But her earlier fear of the unknown future remains insurmountable, for she knows literally everything about her illness. And not only from the five years she spent in Baraŭlany. How could she not be aware that recently in her own fairly small village several people have died of cancer? And who can tell her what is happening to her and the rest of them now? She knows only that there was nothing like this before Chernobyl. On the collective farm in another village the whole herd of milch-cows went down with leucosis. And their calves, too, are born with it.

I have long since ceased to ask myself what point there is in this terrible chronicle of children’s suffering and deaths, whether it is worth continuing or whether enough has been said, written and done about it already. When these questions first came to me, I wondered if it would be right to ‘change course’; enough sadness. But our society is strange. Many people already consider the Chernobyl catastrophe belongs to the past. After all, the inhabitants of the contaminated areas areas have been resettled, so why go on worrying and spending unending sums of money? That is well-known. But somehow it seems to me that these people have not come into contact with the sorrow that has consumed thousands of children and their parents.

Twenty years after, it is no longer so urgent to seek Chernobyl in the evacuated zone, long-since robbed by looters and blackened by fires. But Chernobyl lives on in our bodies, blood and bones; research on the Chernobyl problem should be directed first and foremost at the physical state of the population: at the health of individuals and of the nation as a whole. The uninhabited zone, like it or not, will demand our attention for a long time yet. I go there from time to time seeking strange, exotic, sharp sentiments.

The Zone remains a symbol of this greatest of catastrophes. But not the main one, not the principal one. It is, indeed, a visible part of the tragedy. But there is another one, one with a face and and a future that are not apparent to everyone.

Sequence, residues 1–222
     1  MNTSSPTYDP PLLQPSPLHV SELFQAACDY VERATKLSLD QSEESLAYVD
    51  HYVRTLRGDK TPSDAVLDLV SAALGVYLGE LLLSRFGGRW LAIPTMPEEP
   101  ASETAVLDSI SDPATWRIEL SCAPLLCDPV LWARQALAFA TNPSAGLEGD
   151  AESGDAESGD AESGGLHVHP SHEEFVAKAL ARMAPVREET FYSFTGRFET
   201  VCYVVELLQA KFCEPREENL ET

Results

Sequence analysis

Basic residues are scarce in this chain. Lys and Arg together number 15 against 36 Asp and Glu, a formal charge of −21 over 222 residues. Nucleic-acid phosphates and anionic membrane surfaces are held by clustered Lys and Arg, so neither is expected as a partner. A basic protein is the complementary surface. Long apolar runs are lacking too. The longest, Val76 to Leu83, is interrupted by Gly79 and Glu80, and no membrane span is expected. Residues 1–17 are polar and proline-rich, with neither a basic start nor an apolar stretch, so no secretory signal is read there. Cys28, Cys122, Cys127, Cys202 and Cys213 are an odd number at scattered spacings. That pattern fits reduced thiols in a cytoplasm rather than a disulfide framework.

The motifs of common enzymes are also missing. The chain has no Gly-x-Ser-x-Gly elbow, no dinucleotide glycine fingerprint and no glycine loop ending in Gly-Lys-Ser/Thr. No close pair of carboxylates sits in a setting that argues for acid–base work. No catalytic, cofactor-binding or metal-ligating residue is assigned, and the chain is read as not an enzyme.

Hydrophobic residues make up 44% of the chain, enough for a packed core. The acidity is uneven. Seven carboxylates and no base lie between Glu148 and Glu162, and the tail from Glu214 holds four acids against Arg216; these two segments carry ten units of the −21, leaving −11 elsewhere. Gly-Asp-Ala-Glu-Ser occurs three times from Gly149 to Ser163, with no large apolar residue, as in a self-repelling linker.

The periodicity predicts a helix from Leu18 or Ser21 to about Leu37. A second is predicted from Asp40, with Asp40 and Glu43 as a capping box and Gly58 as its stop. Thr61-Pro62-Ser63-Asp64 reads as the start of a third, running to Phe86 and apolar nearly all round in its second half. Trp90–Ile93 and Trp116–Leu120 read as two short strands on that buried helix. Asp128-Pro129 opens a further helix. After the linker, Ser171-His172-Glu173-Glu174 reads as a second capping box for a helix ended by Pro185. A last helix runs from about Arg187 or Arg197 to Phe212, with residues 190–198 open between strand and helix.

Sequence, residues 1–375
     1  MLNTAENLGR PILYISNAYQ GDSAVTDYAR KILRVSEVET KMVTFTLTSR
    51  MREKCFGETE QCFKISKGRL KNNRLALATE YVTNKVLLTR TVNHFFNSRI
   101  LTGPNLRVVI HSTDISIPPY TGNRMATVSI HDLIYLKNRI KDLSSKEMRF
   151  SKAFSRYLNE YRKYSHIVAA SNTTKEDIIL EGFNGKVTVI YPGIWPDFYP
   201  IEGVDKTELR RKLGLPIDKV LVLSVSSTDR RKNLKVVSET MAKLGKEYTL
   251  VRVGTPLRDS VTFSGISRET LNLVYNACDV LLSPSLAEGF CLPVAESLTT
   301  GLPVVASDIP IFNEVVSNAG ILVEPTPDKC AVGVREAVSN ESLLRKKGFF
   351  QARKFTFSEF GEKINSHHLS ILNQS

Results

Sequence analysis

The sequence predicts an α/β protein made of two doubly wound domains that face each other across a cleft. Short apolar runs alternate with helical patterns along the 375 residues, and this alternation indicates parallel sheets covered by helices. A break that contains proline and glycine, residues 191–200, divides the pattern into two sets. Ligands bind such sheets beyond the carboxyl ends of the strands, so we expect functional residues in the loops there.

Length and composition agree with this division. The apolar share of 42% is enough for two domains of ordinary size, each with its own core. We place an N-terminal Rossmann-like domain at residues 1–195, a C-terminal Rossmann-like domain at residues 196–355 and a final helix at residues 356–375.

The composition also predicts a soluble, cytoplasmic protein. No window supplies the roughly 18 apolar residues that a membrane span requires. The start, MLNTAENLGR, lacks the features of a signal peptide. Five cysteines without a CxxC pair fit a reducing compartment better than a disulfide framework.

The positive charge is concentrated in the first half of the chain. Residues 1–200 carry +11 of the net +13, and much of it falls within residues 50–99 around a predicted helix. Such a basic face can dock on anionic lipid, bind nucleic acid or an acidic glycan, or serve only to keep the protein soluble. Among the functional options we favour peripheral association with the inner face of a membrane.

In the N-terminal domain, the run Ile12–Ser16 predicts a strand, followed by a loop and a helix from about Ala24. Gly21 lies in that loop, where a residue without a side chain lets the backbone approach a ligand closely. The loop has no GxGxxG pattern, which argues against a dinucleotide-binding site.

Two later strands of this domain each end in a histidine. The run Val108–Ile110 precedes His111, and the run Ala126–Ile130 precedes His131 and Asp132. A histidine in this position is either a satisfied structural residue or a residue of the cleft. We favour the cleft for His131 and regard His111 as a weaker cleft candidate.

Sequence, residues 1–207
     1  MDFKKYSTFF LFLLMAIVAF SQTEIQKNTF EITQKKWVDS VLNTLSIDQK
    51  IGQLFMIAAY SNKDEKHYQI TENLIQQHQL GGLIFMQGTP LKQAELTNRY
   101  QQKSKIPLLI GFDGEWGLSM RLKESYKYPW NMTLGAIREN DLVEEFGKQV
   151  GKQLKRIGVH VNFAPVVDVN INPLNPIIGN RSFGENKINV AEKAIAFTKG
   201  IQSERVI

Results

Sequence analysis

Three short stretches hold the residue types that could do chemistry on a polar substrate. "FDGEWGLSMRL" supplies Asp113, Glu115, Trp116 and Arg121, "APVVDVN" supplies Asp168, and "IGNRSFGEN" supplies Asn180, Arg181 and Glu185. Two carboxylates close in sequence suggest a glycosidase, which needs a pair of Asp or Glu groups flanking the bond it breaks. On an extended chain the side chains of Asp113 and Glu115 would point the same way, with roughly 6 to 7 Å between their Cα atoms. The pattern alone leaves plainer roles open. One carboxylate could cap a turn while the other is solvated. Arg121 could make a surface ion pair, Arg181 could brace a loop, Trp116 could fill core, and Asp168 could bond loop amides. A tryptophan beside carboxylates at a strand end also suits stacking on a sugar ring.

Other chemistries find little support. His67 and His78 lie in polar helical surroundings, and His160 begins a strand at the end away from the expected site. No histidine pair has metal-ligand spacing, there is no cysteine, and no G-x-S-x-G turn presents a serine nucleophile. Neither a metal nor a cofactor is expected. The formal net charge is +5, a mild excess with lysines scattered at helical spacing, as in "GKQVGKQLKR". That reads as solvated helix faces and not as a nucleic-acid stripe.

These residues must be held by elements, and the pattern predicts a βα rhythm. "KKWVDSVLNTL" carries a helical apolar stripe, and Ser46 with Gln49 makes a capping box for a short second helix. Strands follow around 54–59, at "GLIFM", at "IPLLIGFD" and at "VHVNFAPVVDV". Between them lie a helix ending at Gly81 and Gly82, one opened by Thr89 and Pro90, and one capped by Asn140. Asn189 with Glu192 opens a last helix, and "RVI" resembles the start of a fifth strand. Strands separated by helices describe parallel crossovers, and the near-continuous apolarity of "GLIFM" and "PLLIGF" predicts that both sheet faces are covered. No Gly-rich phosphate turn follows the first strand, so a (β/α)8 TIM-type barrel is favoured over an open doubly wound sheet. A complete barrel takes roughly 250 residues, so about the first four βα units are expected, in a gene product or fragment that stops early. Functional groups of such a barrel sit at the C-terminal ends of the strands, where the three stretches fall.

And I know that I am seeking for that invisible wall that separates us, the healthy and happy, who know neither sorrow nor suffering, and those who have already reached the very edge of the fatal borne. And what do I want to say in the photographs of these child patients and of medical research establishments?

And why, for so many years, have I read in mothers’ eyes the reproach that I am, so to speak, ‘recording’ their children and felt I was guilty? No one ever forced me to do this, no one asked, and certainly no one planned it – no one has forbidden it. Why is it so important to know this, to see and to photograph, to show others?

The photographs taken in oncology units, cannot leave one unmoved: they arouse anxiety and alarm and trigger many new, complex questions, one of which cannot go unasked: is this Chernobyl? Even two decades has proved too short a time to answer exactly what it is that is happening to us, and what awaits in the future. Where are the limits to Chernobyl in space and time?

Anatol Klaščuk’s photographs have raised awareness of the plight of Chernobyl’s sick children at exhibitions across Europe and UN offices around the world. The German daily Der Spiegel has published a selection on its website and they can also be seen online at the website of the UN in Belarus. This article also appears in issue 2/06 of Index on Censorship. Translated by Vera Rich.